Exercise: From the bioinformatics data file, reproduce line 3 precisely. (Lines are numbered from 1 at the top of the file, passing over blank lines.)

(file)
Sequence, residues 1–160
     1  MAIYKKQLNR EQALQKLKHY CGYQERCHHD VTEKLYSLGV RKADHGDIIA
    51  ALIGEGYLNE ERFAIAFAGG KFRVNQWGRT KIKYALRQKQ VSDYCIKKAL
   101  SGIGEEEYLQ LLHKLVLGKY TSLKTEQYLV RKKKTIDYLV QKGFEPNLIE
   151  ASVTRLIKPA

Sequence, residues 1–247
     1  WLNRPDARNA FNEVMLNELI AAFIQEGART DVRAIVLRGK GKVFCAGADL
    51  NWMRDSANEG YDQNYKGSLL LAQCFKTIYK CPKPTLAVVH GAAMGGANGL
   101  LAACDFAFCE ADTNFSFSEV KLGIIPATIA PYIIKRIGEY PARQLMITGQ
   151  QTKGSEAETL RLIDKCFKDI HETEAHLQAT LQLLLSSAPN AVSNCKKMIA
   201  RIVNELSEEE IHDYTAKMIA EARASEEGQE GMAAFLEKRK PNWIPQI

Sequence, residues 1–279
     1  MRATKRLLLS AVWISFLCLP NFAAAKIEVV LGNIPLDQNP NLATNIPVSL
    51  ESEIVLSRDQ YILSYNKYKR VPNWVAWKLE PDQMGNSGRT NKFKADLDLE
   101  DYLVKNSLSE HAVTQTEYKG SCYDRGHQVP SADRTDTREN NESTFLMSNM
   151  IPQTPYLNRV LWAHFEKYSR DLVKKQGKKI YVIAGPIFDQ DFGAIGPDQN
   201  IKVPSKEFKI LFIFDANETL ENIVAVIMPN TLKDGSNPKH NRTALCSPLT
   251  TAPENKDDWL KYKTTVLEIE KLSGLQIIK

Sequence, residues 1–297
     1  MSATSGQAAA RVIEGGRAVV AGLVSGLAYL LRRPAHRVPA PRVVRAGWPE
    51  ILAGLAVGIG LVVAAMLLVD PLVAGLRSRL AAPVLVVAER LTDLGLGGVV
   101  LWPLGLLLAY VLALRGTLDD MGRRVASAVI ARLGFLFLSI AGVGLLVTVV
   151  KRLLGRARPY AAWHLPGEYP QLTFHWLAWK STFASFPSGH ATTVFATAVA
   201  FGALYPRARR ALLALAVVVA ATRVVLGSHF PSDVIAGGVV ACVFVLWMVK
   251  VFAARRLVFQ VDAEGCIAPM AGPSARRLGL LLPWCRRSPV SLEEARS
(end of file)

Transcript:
    51  ALIGEGYLNE ERFAIAFAGG KFRVNQWGRT KIKYALRQKQ VSDYCIKKAL